A weekly blog about relationships, belief, and personal growth, written from a position of hope.
I know someone who says "mother fell in a well" when people ask how he is doing to see if the person is actually listening. I've witnessed a server politely respond to him with "that's wonderful!" in the sweetest tone and with no awareness of his mother's fictional misfortune. We exploded in laughter, and I can't say the server was as thrilled as we were when we explained.
Years later now, I look back on that story as a reminder that listening well for most of us doesn't come naturally. It normally requires a concerted effort over a long period of time before we become great listeners. History's great thinkers and writers have had plenty to say on the subject:
"Most people do not listen with the intent to understand; they listen with the intent to reply." (Stephen Covey)
"Seek first to understand, then to be understood." (Stephen Covey)
"If one gives an answer before he hears, it is his folly and shame." (Proverbs 18:13)
"Let every person be quick to hear, slow to speak, slow to anger." (James 1:19)
"When people talk, listen completely. Most people never listen." (Ernest Hemingway)
I've found the quickest way to fast-track progress in any context, particularly relationships, is not a formula broken down into ten easy-to-follow steps. Rather, it's simply learning to listen well and ask great questions.
Over the last few months I've been compiling a list of questions. When the setting has been appropriate I've asked a few people I know to answer them. I always prefaced it with "let me know if this gets boring." No one has turned me down yet, and it's seemed everyone has genuinely enjoyed getting to talk about themselves.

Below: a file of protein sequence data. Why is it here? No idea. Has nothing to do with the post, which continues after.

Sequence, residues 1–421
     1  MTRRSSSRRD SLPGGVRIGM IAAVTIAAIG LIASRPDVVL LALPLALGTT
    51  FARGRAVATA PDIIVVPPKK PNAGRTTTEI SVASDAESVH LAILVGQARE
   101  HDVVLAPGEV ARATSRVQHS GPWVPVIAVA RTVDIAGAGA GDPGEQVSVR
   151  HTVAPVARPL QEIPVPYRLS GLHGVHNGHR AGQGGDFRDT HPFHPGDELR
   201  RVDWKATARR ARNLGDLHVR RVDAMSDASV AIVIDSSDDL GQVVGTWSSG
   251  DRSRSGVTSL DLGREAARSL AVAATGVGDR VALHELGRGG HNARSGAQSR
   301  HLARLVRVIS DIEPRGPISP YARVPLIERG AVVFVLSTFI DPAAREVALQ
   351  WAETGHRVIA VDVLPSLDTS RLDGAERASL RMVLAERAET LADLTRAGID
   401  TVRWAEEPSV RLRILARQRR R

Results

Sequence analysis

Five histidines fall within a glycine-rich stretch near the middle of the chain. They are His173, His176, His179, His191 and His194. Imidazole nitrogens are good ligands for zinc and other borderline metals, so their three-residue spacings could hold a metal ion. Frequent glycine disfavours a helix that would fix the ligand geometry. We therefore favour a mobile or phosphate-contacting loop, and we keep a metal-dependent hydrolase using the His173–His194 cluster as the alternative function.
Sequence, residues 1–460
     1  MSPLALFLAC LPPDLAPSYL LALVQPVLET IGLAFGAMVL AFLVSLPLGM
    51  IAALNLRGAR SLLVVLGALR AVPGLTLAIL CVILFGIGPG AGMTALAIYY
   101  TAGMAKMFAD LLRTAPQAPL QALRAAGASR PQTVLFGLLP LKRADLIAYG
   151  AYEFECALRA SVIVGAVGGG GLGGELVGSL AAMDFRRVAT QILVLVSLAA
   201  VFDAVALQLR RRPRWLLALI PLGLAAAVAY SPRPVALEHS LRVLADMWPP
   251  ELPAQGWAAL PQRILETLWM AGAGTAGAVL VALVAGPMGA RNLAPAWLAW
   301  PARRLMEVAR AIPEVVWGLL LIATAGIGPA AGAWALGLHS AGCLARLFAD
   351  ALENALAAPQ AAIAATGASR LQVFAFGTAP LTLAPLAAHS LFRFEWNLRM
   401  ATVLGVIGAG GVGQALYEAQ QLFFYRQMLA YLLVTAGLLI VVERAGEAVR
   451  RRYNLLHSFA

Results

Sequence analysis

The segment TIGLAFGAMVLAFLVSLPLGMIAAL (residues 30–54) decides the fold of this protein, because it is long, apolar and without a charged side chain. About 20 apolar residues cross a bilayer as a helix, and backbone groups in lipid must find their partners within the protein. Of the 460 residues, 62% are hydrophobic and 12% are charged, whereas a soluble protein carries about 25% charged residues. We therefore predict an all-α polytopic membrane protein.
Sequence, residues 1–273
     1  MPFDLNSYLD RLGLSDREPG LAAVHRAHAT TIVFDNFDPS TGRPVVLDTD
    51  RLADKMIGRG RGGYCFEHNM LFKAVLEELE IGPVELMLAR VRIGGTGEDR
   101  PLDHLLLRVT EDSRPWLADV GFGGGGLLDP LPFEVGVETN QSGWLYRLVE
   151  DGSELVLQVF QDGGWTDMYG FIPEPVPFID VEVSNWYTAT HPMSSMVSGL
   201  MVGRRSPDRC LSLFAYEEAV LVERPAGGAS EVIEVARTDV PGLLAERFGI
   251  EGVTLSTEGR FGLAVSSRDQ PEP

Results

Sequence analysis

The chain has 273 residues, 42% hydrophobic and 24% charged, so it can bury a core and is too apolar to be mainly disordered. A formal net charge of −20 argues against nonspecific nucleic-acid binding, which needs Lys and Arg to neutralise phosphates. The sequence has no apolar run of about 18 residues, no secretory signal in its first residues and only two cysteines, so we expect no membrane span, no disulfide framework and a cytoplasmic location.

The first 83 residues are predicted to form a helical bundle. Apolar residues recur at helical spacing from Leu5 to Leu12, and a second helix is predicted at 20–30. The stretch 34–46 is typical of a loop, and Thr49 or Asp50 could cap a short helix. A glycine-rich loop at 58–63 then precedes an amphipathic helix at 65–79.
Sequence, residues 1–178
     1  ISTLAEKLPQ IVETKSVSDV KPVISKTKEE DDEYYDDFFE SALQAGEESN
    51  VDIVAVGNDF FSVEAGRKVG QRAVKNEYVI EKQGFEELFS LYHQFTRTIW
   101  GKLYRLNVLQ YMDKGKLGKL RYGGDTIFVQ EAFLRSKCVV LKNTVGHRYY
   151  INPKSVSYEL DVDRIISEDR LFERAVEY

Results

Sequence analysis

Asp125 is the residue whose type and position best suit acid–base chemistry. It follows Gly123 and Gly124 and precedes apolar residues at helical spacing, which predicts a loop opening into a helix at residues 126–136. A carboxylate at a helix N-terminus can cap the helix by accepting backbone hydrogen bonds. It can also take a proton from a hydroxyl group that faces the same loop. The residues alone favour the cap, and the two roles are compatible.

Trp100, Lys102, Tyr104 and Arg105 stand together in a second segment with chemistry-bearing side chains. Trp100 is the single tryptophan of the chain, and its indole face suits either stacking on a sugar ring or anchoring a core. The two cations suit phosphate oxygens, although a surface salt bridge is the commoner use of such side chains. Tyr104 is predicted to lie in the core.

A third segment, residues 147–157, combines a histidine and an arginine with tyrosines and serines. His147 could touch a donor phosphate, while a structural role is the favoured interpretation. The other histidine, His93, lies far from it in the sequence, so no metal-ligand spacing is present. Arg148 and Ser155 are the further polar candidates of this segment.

So today I'm going to answer a few of my favorite questions from the list and leave you with the rest. My hope is that you'll not only have some ammo for asking great questions, but that it will provide a setting for you to listen well. Plus, it's just fun. Among four of us, we didn't stop talking for an entire five-hour car ride home.
What is the first memory in your brain?
I would have been around two or three years old. We lived in an apartment in Huntsville. In the afternoon I would sit at the counter outside of the kitchen and eat a dill pickle. When my Dad would get home he would walk up from behind and kiss me on the back of my neck. I vividly recall how prickly his mustache was.
If I were to give you $10,000 right now, what would you do (can't pay bills or debts)?
Go eat hibachi for dinner. Take off work the next day. Go buy a 2000 Toyota 4Runner, trailer, and dirt bike. Spend the weekend riding in the woods.
You have to get a tattoo today. What's it going to be?
"I believe, help my unbelief."
What is the one outfit you would wear every day for the rest of your life?
Boots, jeans, gray t-shirt.
What celebrity would you most prefer to look like?
Hugh Jackman (when I'm 40).
Describe your parents' personalities in a few words.
Mom: kind, compassionate, communicator. Dad: hardworking, consistent, determined.
You haven't missed your calling
From where I sit in this hospital waiting room
Accept the invitation to live
The lighted window
It was worth it
The subtle sounds of a life together
Made for the now-what
When holidays are hard
Sharing in our suffering
To my doubting friend
Ten years down the road
How long, Lord?
A season of doubt